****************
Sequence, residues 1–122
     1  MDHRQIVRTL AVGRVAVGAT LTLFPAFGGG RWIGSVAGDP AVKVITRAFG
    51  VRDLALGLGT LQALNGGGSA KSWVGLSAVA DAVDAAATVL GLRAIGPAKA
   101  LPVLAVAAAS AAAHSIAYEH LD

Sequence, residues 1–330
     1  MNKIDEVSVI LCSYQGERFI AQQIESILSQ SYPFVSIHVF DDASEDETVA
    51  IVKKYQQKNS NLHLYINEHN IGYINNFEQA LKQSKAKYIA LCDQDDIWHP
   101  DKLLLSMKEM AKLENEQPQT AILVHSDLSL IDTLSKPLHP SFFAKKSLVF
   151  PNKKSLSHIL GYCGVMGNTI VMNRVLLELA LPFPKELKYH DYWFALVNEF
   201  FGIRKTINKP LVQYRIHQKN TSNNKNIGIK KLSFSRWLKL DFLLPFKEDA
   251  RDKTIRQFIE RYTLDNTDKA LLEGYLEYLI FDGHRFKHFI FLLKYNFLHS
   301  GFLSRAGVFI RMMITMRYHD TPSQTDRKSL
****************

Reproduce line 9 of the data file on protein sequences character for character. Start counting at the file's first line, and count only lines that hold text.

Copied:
   151  PNKKSLSHIL GYCGVMGNTI VMNRVLLELA LPFPKELKYH DYWFALVNEF